HAMBLETON council has spent £44,000 clearing up illegally dumped waste in the district – nearly twice what it spent the previous year. The cost is probably much greater - many farmers finding rubbish on their land have to set to work clearing it themselves.

Who hasn’t passed down a picturesque country lane at some point and come across an ugly heap of plasterboard or binbags shattering the rural idyll?

The district council says there has been a “direct correlation” with the introduction of charging for disposing of tyres and construction waste at county council-run household waste centres and an increase in fly-tipping in the countryside.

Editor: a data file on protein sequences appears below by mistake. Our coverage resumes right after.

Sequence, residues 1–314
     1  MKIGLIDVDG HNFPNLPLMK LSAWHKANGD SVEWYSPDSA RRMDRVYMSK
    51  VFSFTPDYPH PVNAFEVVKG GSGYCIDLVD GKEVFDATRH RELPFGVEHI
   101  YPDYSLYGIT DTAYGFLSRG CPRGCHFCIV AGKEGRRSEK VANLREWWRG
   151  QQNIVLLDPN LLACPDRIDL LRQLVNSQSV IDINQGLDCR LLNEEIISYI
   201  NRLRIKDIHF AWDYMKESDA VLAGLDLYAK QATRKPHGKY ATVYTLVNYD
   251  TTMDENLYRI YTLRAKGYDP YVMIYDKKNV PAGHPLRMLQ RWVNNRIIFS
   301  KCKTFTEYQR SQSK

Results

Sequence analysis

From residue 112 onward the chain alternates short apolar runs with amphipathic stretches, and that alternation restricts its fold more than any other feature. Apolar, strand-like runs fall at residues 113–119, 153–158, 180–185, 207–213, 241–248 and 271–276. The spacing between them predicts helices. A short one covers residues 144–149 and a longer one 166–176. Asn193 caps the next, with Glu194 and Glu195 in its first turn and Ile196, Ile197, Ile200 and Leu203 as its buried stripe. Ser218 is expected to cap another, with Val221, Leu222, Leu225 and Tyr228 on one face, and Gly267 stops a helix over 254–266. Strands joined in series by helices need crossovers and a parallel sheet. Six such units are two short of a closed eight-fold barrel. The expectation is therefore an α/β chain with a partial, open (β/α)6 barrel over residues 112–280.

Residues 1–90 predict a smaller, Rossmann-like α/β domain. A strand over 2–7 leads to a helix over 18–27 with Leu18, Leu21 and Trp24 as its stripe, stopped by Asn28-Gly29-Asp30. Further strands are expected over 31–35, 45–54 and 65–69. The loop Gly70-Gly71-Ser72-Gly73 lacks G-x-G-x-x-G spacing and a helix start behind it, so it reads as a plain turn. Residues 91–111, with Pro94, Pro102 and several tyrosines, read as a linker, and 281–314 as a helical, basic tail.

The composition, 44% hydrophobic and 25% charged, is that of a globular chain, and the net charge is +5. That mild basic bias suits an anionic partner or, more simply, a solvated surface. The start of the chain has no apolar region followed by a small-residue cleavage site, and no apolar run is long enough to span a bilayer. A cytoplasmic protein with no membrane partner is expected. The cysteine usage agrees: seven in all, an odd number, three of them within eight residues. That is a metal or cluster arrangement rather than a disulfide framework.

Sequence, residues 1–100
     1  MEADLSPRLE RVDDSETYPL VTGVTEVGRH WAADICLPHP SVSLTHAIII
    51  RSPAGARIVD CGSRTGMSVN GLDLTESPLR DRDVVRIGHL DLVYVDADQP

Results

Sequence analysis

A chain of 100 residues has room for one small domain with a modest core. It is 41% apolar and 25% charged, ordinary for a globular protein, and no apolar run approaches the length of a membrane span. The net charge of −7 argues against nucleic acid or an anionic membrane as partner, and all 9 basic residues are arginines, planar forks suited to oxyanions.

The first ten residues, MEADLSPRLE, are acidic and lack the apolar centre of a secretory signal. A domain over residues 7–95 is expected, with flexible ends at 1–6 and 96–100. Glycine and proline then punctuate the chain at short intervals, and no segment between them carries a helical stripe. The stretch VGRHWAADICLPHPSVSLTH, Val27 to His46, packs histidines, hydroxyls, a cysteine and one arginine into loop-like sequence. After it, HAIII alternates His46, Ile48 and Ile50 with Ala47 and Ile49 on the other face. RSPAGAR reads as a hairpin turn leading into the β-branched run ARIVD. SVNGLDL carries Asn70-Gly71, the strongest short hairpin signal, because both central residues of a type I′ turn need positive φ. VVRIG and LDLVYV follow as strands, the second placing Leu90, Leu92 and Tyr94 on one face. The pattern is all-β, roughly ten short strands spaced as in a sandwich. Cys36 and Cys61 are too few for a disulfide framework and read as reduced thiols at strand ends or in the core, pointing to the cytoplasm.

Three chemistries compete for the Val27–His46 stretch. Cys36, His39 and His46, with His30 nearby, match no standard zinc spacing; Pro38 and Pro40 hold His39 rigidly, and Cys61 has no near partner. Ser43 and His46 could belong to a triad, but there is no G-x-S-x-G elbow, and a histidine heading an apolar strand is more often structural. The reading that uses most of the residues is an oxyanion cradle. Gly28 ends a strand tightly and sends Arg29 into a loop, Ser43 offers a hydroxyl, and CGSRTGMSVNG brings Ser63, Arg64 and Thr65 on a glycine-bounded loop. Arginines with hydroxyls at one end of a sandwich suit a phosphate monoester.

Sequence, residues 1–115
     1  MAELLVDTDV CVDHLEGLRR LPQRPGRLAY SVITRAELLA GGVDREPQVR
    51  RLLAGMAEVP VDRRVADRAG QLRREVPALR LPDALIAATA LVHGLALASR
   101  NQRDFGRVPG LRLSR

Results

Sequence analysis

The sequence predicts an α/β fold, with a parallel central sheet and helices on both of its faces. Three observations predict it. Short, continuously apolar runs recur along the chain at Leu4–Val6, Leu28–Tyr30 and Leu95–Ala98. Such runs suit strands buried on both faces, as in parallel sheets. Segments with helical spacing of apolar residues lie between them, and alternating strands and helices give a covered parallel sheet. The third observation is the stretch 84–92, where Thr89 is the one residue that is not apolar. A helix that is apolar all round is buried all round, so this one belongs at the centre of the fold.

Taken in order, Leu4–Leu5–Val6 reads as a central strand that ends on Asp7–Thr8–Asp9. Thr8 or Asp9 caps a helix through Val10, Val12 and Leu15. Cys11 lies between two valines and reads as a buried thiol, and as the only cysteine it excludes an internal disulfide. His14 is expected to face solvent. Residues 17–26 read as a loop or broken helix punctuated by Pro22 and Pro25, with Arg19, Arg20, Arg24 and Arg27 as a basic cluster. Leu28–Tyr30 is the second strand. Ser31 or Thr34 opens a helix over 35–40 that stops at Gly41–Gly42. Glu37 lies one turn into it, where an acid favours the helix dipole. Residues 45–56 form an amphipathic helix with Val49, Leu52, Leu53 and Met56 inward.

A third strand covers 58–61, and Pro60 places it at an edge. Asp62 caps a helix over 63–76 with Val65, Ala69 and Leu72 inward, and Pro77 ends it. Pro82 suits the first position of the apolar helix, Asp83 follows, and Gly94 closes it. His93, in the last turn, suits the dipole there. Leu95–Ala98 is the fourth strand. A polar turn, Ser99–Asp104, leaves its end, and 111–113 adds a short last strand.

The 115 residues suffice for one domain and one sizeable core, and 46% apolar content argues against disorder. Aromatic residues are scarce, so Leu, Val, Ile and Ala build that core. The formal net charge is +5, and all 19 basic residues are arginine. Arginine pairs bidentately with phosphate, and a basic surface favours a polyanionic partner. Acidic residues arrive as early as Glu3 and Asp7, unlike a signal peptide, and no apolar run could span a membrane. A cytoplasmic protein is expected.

But landfill isn’t a bottomless pit unfortunately; the charges are likely to stay and the problems of illegal waste dumping are unlikely to disappear.

It’s not just an issue confined to North Yorkshire; Defra estimates in the year 2016/17, local authorities in England dealt with around one million fly-tipping incidents.

Hambleton District Council’s scrutiny committee has called for an investigation into the issue and council officers say they are reviewing their policy for enforcement as it is not “fit for purpose”.

Perhaps the solution is one Hambleton District Council is considering – to make it easier for people to report waste being dumped illegally.

Fly-tipping is the kind of selfish crime people will probably be quite happy to report.

Those offenders who want to save a few quid by making their rubbish everyone else’s problem hardly endear themselves to the wider population. Surely a quick picture of a registration plate or note of their number will yield some positive results.